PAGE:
Texas law applies to this situation because the work was performed in
Texas, not Minnesotta.
This is actually fairly common in large corporations. It happens
because no one notifies the Payroll Department before the next checks
are cut. Then, the notice comes from a department that someone has
separated from employment, and the checks were mailed out a few days
prior, so they check the records and mail notices.
Part 1) of your question is fairly simple. You have the right to
inspect the payroll records so you can confirm that this is indeed an
Part 2) The corporation made a mistake that they are seeking to
rectify, your wife was paid more than she was due and hence the
employer has an absolute right to recapture the funds paid in error.
Under Texas Law, the employer has at least three years to discover an
overpayment and then sue. Once a judgment has been entered by the
court for the amount of the overpayment the employer can execute it.
If your wife left the job on March 1st and received a check that day,
it's possible she was actually DUE one more check because it's very
standard to have a lag time between the end of a pay period and the
issuing of wages for that period.
According to Texas Payday Law, if your wife was fired, or left
involuntarily, any pay due her was required to be given to her by the
6th day following the last day worked, and if this was a voluntary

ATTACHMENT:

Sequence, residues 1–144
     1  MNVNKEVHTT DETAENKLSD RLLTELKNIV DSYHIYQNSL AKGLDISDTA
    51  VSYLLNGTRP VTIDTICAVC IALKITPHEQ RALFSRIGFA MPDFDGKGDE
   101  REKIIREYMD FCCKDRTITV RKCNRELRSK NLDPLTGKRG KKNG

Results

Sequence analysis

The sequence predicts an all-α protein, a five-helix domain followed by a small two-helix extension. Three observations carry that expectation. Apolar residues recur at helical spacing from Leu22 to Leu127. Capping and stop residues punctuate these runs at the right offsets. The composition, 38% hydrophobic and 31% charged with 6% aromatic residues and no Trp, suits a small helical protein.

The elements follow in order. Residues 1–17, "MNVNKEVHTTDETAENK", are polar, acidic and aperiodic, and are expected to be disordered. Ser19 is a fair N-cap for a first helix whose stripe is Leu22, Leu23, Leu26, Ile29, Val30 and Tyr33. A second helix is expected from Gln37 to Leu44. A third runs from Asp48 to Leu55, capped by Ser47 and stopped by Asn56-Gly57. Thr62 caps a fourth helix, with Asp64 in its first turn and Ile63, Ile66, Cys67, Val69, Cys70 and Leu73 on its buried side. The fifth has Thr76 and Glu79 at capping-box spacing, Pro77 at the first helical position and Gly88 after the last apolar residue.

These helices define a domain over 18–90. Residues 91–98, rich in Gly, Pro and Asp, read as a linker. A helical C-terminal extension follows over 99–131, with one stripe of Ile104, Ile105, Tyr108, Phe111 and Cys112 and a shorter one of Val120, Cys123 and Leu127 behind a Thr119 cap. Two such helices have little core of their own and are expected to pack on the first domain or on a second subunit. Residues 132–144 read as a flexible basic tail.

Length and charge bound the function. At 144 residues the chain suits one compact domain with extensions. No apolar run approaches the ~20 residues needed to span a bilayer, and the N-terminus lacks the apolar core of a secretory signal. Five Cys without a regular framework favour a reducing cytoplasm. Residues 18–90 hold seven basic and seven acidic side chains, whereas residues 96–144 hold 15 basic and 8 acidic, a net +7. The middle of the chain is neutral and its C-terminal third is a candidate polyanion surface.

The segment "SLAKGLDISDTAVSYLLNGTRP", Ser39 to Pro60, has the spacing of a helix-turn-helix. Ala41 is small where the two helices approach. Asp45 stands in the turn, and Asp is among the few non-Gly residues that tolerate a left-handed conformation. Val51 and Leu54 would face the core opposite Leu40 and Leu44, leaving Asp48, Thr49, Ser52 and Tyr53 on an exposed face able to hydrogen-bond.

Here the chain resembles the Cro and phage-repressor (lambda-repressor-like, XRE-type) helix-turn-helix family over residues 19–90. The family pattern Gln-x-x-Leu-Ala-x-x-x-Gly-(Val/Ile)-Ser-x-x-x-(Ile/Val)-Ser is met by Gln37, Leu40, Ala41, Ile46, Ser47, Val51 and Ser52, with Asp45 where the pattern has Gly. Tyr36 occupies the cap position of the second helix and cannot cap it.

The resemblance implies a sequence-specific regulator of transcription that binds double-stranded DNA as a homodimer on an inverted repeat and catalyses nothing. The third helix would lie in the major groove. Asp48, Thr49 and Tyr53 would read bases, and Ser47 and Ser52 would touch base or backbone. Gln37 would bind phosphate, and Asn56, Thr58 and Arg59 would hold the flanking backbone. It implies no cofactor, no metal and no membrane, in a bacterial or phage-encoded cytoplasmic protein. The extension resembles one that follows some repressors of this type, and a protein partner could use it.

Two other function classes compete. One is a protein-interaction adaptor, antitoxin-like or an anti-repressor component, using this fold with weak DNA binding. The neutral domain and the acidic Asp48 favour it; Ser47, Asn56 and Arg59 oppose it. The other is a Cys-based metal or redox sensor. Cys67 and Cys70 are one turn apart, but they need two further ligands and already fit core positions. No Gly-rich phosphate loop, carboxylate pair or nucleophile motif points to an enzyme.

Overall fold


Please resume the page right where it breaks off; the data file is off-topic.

separation, she would receive any final pay on the next regularly
..."the TPL regulates the timing of the final paycheck in section
61.014. If an employee is laid off, discharged, fired, or otherwise
involuntarily separated from employment, the final pay is due within
six (6) calendar days of discharge. If the employee quits, retires,
resigns, or otherwise leave employment voluntarily, the final pay is
due on the next regularly-scheduled payday following the effective
date of resignation..."
Just the same, if this is in fact an overpayment, it must be returned.
It's not clear here, so open this Power Point Presentation. It states
that overpayments must be repaid. (page 7)
There's a bunch of paycheck overpayment threads here:
Here's a forum discussion that states it very clearly:
Company mistake = extra paychecks for me
I tried to find a more similar situation, the state really doesn't
matter. I was unable to find even ONE state that allows an ex-employee
(or current employee) to keep an overpayment that was the result of a
clerical or computer error.
Your best course of action would be to work out a repayment schedule
with the employer without forcing them to resort to judicial action,
which would most certainly end in a judgment against you, and the
resulting collection fees.
I am not an attorney, so I need to urge you to seek legal advice. If
you open your local yellow pages and call ANY employment attorney and
explain the situation as you did here, I'm confident you will get a
confirmation of my research.
Search strategy used at Google:
Texas overpayment wages OR salary "final pay OR check" error OR mistake